China’s Lack of Transparency About Epidemic Disease
By Matt O’Brien, Spencer Raley and Casey Ryan | March 2020 | Click here for full PDF version
China does not believe in transparency. That is no surprise. It is a totalitarian nation where the interests of the individual are subordinate to those of the state. Accordingly, “eight doctors in the city of Wuhan were punished in December  for raising the alarm about the virus.” These included, “Li Wenliang, the 33-year-old ophthalmologist at the city’s central hospital who was forced to sign a statement apologizing for doing so.”
After coming clean about the nature and severity of the virus, the Chinese government then finagled its methods for counting fatalities attributable to COVID-19. According to unnamed “global health experts” cited by the Vox online magazine, due to Chinese dissembling, “the world had less time to prepare and react to the new coronavirus, which has likely worsened the outbreak and increased the risk of a global pandemic.”
And this is not the first time that China has withheld information about a disease outbreak in order to protect its reputation and economic interests. According to STAT, this is a case of history repeating itself: China’s handling of the 1997 “bird flu” outbreak and the 2002-2003 SARS epidemic were also marked by “obfuscation and denial” that “delayed response” and led to a “public health trust deficit that persists today.”
China’s history of deception and misdirection relating to incidents affecting global public health raises a significant question for the United States: Should America limit immigration from states that aren’t willing to share information about outbreaks of communicable diseases?
Can The U.S. Limit Immigration from Nations that Refuse to Share Timely, Accurate Public Health Information?
The answer to that question is an emphatic, “Yes!” The United States both can and should limit immigration from any countries that won’t share public health information with our Departments of State and Homeland Security. In Trump v. Hawaii, the Supreme Court affirmed the president’s authority to issue proclamations intended to, “improve vetting procedures for foreign nationals traveling to the United States by identifying ongoing deficiencies in the information needed to assess whether nationals of particular countries present a security threat.” It also confirmed the president’s power to impose travel restrictions prohibiting the admission of foreign nationals who cannot be properly vetted.
Those powers are set forth in 8 U.S.C. §Section 1182(f) (also referred to as Section 212(f)) of the Immigration and Nationality Act, which clearly grants the president authority to suspend the entry of any foreigners whose entry would be detrimental to the interests of the United States. There is no doubt that individuals who might cause an outbreak of deadly disease if admitted to the U.S. are detrimental to America’s interests.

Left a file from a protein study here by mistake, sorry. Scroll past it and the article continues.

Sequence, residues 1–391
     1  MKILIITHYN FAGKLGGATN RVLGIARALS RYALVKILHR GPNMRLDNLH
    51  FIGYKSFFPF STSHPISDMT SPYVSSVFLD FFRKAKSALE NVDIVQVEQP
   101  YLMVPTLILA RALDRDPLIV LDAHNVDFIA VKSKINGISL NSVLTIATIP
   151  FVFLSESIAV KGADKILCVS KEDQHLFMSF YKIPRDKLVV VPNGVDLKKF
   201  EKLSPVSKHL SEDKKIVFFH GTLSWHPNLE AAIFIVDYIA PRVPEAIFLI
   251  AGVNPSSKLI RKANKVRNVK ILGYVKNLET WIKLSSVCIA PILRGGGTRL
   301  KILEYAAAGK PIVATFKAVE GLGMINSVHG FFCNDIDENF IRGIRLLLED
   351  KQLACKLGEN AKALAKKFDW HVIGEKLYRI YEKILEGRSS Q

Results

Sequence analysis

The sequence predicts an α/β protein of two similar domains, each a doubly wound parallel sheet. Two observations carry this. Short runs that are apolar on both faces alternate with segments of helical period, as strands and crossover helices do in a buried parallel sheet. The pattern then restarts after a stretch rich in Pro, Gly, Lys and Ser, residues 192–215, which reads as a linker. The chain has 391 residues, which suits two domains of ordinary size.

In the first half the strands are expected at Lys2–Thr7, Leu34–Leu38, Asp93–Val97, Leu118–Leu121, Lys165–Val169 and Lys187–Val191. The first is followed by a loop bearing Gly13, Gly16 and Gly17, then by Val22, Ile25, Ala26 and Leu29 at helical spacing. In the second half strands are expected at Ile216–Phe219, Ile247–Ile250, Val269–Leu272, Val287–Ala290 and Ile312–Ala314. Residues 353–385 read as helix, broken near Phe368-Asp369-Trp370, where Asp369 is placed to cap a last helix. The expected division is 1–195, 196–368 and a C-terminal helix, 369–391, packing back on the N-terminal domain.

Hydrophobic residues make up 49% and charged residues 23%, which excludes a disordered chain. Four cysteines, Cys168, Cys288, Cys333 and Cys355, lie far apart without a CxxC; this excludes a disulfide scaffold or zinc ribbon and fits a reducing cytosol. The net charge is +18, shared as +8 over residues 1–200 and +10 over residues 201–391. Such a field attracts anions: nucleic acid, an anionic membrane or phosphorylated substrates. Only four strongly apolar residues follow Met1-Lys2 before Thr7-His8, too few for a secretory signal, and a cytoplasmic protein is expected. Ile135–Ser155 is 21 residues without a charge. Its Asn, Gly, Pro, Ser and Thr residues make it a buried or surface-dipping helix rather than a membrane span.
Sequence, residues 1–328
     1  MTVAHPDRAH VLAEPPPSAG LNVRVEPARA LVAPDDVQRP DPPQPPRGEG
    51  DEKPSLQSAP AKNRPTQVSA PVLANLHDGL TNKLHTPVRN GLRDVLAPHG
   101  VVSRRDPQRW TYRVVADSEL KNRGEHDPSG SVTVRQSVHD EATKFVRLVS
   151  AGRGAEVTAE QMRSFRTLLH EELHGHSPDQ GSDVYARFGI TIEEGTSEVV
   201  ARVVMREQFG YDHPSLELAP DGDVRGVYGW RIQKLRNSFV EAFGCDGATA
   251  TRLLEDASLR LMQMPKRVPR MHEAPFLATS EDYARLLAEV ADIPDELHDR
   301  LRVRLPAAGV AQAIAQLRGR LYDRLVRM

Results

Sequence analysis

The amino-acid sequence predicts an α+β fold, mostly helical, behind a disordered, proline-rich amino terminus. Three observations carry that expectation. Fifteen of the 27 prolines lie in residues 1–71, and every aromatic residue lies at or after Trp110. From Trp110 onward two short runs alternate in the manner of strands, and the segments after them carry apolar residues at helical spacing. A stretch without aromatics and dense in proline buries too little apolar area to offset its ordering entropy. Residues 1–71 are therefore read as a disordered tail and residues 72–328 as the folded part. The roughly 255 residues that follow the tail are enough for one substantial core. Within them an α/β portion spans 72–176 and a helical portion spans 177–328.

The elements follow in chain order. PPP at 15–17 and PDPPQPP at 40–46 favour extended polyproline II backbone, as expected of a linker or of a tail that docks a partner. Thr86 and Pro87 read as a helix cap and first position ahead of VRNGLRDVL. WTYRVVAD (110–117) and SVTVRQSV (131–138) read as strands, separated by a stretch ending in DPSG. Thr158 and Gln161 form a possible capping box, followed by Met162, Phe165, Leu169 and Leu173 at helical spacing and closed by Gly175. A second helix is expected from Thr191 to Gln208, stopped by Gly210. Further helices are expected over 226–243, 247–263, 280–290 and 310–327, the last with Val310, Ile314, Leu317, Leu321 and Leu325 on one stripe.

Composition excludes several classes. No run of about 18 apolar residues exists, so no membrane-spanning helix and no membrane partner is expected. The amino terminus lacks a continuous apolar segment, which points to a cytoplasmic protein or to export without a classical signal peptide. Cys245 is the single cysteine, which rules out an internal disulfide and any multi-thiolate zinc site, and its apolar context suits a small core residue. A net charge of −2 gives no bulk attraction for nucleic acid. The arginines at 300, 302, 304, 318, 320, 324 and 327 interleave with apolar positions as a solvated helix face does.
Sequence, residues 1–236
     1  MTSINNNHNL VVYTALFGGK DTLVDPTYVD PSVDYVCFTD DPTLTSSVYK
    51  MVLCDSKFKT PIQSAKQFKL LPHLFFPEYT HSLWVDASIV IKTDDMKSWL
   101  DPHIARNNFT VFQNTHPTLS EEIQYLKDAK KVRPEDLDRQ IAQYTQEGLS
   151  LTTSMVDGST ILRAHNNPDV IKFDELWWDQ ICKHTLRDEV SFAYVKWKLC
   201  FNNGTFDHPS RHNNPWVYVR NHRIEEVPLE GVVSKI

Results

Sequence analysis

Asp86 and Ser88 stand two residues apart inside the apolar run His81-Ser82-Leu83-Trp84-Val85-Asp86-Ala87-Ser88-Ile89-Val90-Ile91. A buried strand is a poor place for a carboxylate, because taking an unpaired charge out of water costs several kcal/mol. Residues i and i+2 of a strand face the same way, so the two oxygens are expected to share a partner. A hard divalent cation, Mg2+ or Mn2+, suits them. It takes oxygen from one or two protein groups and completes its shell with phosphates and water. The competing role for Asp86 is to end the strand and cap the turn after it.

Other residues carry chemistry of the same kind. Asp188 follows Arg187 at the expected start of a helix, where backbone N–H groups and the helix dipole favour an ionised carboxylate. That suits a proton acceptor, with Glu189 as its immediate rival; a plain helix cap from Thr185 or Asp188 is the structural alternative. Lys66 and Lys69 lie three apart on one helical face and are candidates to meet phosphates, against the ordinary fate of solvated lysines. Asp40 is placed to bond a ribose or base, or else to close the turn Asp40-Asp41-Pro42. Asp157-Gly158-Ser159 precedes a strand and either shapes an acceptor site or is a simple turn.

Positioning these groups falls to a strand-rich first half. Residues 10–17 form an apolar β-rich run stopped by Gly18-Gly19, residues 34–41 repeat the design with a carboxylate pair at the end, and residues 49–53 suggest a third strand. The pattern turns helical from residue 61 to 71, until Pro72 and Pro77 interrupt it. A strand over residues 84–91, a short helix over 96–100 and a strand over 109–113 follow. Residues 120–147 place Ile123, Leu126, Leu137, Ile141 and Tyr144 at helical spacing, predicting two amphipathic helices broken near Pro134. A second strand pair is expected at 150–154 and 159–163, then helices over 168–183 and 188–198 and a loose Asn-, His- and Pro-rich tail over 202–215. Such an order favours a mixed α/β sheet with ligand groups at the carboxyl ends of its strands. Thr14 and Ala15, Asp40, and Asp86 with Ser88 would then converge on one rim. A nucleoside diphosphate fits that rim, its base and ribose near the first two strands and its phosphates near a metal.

Currently, the United States lacks the information required to assess whether individuals from China, Iran and a number of other states present a threat to the public health of the U.S. And, despite criticism from open-borders advocates, President Trump has wisely prohibited the admission of Chinese and Iranian nationals to the United States for the duration of the COVID-19 crisis.
However, it would be an even safer and wiser policy to impose severe limitations on the admission of nationals from any and all states that refuse to engage in a transparent exchange of public health information about their citizens.
The U.S. has a legitimate interest in obtaining the data required to conduct public health screening of foreign nationals. Public health security is national security.
Footnotes and endnotes
 Bethany Allen-Ebrahimian, “Timeline: The early days of China's coronavirus outbreak and cover-up,” Axios, March 18, 2020, https://www.axios.com/timeline-the-early-days-of-chinas-coronavirus-outbreak-and-cover-up-ee65211a-afb6-4641-97b8-353718a5faab.html.
 Carl Gershman, “The coronavirus exposes the lie at the heart of Communist China,” The Globe and Mail, Updated March 13, 2020, https://www.theglobeandmail.com/opinion/article-the-coronavirus-exposes-the-lie-at-the-heart-of-communist-china/.
 Lily Kuo, “Coronavirus outbreak: senior US official accuses China of lack of transparency,” The Guardian, February 14, 2020, https://www.theguardian.com/world/2020/feb/14/coronavirus-china-not-being-honest-says-us-as-wartime-measures-widened.
 Julia Belluz, “China hid the severity of its coronavirus outbreak and muzzled whistleblowers — because it can,” Vox, February 10, 2020, https://www.vox.com/2020/2/10/21124881/coronavirus-outbreak-china-li-wenliang-world-health-organization.
 Keith Richburg, “Bird flu. SARS. China coronavirus. Is history repeating itself?” STAT, January 27, 2020, https://www.statnews.com/2020/01/27/bird-flu-sars-china-coronavirus-is-history-repeating-itself/.
 “Trump v. Hawaii, 585 U.S. ___ (2018),” Justia, Accessed March 2020, https://supreme.justia.com/cases/federal/us/585/17-965/#tab-opinion-3920355.